For a team that uses the word "finish" more times than the lady at The Home Depot paint counter, the Andy Gang sure seems to be having a hard time, to this point, grasping the concept.
Grasping jerseys, now, that they’ve got down.
Sunday was pick-your-poison night in Carolina, and they all hurt like hell. The Kansas City Chiefs got flagged for a whopping 13 penalties and 131 yards of infractions in their second preseason contest, a 28-16 setback in Charlotte, for starters. That’s the one that sticks out like an ingrown toenail.
Also, this: In the second and third quarters, in which the host Panthers piled up 28 combined points, Team Reid was hit for six strikes that came either via a pass or attempting to pass that accounted for 17 yards or more.
On one hand, it’s mid-August, and the Chiefs were 0-2 in exhibitions at this time a year ago. We know nothing, really, long-term.
On the other, we do know that the things that were supposed to worry Chiefs fans — the youngest offensive line in the league, a secondary patched together with piano wire, chewing gum and hope — haven’t shown much so far to get the naysayers off their respective backsides. Although …
After two preseason games in 2013: 11 sacks allowed.
After two preseason games in 2014: Nine sacks allowed.
And while Carolina isn’t quite up to San Francisco’s (or even Seattle’s) street cred defensively, it isn’t that far off, either. A Panthers crew that led the NFL in sacks last year — a number we all thought the Chiefs were on a pace to reach at the end of October — returns largely intact, personnel-wise, from a season ago. Even in August, they’ll hit ya. No one’s saying this pocket doesn’t need a lot of work — it does, and left tackle Eric Fisher needs to stop acting like the world’s tallest turnstile — but let’s not act like they haven’t been here before.
But there’s another set of hangnails lurking out of Sunday, ones that might wind up getting buried by the obvious.
The Chiefs in the red zone through two exhibitions: Five visits, one touchdown.
Chiefs opponents’ visits to the red zone, same timeframe: Eight visits, seven scores.
Which — considering how much the idea of finishing has been tossed around at news conferences and camps since, oh, April — is kind of funny.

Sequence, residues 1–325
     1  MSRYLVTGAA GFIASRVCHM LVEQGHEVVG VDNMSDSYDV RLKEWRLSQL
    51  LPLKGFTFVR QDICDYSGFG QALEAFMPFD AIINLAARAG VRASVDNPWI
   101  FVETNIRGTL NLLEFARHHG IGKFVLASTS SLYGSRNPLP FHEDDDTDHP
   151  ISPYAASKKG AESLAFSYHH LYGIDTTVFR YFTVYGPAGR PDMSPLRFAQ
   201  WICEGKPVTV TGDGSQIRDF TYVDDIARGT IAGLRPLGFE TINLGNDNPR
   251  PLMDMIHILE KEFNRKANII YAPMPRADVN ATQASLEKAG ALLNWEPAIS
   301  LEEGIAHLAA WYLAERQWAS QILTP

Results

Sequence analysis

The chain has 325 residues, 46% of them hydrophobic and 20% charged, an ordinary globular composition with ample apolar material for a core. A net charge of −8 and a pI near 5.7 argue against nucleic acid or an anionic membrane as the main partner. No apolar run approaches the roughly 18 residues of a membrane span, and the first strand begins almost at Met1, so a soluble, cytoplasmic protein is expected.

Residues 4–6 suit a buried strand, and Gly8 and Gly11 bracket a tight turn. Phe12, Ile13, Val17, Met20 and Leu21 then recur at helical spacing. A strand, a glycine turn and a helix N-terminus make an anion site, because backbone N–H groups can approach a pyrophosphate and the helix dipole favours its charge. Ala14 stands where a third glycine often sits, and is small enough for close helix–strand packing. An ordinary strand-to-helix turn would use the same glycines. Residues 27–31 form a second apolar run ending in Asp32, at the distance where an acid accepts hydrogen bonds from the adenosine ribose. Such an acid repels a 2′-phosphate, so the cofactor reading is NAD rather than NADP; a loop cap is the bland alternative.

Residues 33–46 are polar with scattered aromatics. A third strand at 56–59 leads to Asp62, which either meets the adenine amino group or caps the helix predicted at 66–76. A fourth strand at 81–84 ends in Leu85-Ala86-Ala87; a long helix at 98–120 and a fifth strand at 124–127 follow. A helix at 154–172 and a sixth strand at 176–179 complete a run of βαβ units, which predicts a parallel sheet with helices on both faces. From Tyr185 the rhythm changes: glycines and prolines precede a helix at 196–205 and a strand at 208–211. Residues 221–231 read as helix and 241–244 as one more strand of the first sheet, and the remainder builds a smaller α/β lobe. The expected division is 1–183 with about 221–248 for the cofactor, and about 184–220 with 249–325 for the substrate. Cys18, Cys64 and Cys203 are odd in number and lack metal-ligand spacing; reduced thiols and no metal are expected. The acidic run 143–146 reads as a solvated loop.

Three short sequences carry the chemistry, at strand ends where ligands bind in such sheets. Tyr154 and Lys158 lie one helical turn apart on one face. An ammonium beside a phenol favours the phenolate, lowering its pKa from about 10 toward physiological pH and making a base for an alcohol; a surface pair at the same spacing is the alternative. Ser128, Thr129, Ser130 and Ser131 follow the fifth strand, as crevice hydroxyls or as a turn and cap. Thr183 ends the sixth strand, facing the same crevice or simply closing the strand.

So far, the preaching has been kicking the living pants off of the actual practice part. Take Sunday. Over the first 15 minutes or so, the Chiefs had collected 114 yards of offense to Carolina’s one. And they had just two field-goal makes — and one of them was an absolute catapult, a 54-yard make off the leg of veteran Ryan Succop — to show for it.
So, yes, the Chiefs miss Jamaal Charles, who didn’t make the trip to Carolina because of a foot injury. And they miss him most in the passing game, where Knile Davis so far hasn’t shown the niftiness on screens — at least the ones that aren’t wiped out by holding calls — to make something happen by himself the way the speedy Texan does, nor the technique to provide ideal last-ditch cover for Alex Smith in the pocket.
In eight preseason quarters, the Andy Gang has one red zone scorer — and it’s Cyrus Gray.
And, hey, good for Gray, who ran his tail off again against a good Panthers side (10 carries, 44 yards) and is scrapping to stay on this roster after rookie De’Anthony Thomas was brought in to sort of push him toward the margins. Good for second-year tight end Travis Kelce, who turned another seam route into a mad dash to the end zone and a 43-yard score, his second long scoring jaunt in as many weeks.
Good for Dwayne Bowe, who looked miffed, sharp and Pro Bowl hungry. Having been draped across America’s televisions Friday after being levied a one-game suspension for a 2013 drug-related arrest, Bowe responded as if he had something to prove — or something to get off his chest. A line of five first-half catches for 62 yards, and one wicked shoulder-charge left a mark. Bottle that, uncork it in September, and all will be forgiven.
Bowe, for a week, the Chiefs might be able to live without. Charles, probably not. No. 25 scored 19 touchdowns last year, either on the ground or through the air. As Sunday night reminded us, it’s not just about the blocking. It’s about the finishing.